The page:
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The Life of the Vine

Ciaran Meyler, Wine Manager, United Wines

Probably the best wine book I’ve ever purchased is The World Atlas of Wine. If you are interested in expanding your knowledge of wine, this is the complete book. Now in its eight edition written by the world’s most authoritative wine duo, Hugh Johnson and Jancis Robinson, the early editions were solely the work of Hugh Johnson. The unparalleled clarity and detail of the maps remain core to the Atlas. The first addition in 1971 sold four million copies in 14 languages.

One of my favourite sections is The Vine; I know I’m a wee bit of an anorak.

The first line in this section is awesome:

‘Every drop of wine you drink is rain recovered from the ground by the mechanism of the plant that bears grapes, the vine.’

What a magical plant to put rain to just a good use and all we ever do is complain about it. I’ll bet you never think of that when you’re quaffing down a bottle on a Friday night with your pizza or Chinese.

The life cycle of a vine is similar to that of a human. For the first 3-5 years, the young vine is too busy creating a strong stalk to bear more than a few grapes, so it needs a lot of nurturing. Left to nature the vine will then rampage away, with long branches and very little grapes. However over time it was discovered that better quality grapes grow on a vine that is regularly cut back to a very limited number of buds. Pruning is done in mid-winter. As the vine grows older, its principal roots penetrate deeper into the ground. A young vine shows its immaturity, its wine is always light and insubstantial. From about 12-40 years, a vine is in the prime of life.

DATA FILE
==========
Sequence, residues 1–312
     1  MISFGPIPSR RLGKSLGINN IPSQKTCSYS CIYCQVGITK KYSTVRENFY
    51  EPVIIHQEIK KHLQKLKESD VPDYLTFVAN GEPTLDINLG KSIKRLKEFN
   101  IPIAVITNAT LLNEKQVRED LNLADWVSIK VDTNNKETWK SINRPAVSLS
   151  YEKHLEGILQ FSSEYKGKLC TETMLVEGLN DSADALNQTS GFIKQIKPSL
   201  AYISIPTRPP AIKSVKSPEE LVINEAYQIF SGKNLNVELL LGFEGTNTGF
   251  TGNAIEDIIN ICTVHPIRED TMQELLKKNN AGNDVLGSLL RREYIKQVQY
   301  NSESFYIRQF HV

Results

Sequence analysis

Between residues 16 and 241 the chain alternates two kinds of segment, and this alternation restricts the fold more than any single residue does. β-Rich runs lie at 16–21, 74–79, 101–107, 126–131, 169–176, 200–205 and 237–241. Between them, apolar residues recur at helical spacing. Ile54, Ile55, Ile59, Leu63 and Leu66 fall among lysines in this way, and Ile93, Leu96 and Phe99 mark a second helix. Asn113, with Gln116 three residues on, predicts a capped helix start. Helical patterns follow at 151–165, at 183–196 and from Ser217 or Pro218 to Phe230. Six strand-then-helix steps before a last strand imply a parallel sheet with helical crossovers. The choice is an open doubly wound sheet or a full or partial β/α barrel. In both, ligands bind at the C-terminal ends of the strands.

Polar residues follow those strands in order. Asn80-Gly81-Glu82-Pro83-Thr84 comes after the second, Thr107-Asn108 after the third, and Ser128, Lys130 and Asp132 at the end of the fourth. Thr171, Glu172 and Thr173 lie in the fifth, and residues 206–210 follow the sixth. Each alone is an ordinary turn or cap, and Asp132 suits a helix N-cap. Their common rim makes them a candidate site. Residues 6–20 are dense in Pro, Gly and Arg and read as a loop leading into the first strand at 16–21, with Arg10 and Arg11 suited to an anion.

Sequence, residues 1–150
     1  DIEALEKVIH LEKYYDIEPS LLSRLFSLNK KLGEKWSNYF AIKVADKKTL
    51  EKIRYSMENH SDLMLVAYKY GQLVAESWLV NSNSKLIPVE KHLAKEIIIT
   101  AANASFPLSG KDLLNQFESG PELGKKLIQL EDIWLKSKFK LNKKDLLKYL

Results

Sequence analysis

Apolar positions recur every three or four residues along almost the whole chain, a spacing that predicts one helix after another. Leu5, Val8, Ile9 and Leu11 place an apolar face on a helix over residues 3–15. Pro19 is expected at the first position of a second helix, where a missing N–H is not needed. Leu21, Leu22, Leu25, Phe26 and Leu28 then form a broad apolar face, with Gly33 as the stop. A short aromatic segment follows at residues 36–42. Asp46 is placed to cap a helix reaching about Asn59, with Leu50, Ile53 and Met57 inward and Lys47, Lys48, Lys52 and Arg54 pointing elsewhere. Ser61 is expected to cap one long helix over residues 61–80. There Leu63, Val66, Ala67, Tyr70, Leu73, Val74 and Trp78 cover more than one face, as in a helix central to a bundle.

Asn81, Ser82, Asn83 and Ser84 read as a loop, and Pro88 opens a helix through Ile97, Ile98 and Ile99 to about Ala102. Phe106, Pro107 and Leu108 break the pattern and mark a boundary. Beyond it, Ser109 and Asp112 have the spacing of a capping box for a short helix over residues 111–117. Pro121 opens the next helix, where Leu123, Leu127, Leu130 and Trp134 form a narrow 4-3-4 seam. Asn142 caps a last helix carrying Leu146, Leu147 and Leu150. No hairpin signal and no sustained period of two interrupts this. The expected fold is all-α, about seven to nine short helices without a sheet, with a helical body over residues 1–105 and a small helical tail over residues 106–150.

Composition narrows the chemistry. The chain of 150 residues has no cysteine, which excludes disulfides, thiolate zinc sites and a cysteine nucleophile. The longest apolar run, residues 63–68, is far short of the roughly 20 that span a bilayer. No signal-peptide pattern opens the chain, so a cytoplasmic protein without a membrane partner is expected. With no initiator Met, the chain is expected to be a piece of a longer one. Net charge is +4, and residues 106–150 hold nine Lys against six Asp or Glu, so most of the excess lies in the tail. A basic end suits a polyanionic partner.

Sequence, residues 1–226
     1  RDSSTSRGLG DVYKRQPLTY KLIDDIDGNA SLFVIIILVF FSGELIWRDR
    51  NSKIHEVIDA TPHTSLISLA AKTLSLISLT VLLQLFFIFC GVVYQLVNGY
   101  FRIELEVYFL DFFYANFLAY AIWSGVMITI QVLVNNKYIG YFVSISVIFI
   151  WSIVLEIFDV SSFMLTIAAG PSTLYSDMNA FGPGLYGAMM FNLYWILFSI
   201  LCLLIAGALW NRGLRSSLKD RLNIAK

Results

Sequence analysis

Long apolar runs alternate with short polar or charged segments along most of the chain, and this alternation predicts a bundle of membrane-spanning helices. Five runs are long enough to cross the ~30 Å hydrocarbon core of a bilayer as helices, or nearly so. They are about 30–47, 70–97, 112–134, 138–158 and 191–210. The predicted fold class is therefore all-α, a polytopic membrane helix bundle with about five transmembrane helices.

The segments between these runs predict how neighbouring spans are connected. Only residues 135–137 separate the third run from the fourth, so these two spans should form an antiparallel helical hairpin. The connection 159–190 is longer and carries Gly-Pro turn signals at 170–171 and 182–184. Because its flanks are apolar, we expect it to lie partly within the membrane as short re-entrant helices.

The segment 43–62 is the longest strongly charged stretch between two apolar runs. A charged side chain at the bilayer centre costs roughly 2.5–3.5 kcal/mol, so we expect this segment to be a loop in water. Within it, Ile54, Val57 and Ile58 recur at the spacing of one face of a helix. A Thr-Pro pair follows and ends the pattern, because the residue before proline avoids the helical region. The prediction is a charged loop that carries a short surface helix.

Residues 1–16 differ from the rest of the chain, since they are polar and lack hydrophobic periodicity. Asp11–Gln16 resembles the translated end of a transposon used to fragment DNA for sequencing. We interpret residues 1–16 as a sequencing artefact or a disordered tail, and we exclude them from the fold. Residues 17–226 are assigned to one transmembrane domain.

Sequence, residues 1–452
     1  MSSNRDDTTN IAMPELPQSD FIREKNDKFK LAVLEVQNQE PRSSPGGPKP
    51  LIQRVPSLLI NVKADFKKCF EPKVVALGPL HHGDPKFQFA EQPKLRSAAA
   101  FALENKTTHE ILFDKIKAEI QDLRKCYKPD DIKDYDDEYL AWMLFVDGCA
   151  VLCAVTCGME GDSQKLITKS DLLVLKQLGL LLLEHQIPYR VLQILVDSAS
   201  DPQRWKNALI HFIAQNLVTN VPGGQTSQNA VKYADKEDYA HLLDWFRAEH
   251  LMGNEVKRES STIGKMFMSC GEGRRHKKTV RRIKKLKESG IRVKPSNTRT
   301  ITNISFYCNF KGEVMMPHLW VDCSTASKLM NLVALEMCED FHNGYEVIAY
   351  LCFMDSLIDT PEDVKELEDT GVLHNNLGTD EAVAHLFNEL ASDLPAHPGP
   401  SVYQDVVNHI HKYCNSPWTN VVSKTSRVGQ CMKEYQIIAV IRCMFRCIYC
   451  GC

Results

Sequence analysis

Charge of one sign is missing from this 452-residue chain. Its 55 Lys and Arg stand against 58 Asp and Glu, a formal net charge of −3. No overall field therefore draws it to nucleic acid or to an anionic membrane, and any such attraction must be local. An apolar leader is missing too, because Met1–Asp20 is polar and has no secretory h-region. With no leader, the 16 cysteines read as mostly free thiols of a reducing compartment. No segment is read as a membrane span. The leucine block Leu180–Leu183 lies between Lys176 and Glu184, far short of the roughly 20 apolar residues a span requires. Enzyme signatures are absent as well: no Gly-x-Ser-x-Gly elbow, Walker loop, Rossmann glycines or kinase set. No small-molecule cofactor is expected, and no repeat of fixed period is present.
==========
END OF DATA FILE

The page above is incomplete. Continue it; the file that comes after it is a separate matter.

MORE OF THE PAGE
Like all plants, the vine has countless enemies, one insect pest is disastrous; the phylloxera which lives on the roots of the vine and kills it. In the years after the 1870s, it almost destroyed the entire European vineyard, until it was discovered that the roots of the native American vine (phylloxera came from America) are immune. Virtually every vine in Europe had to be pulled up and replaced with a European cutting, grafted on to a rooted cutting, from an American vine.

Try some of these amazing new additions to our portfolio and whilst  enjoying a beautiful glass, remember to toast the rain.

Quote of the month

“Wine cheers the sad, revives the old, inspires the young and makes weariness forget his toil.”

Lord Byron

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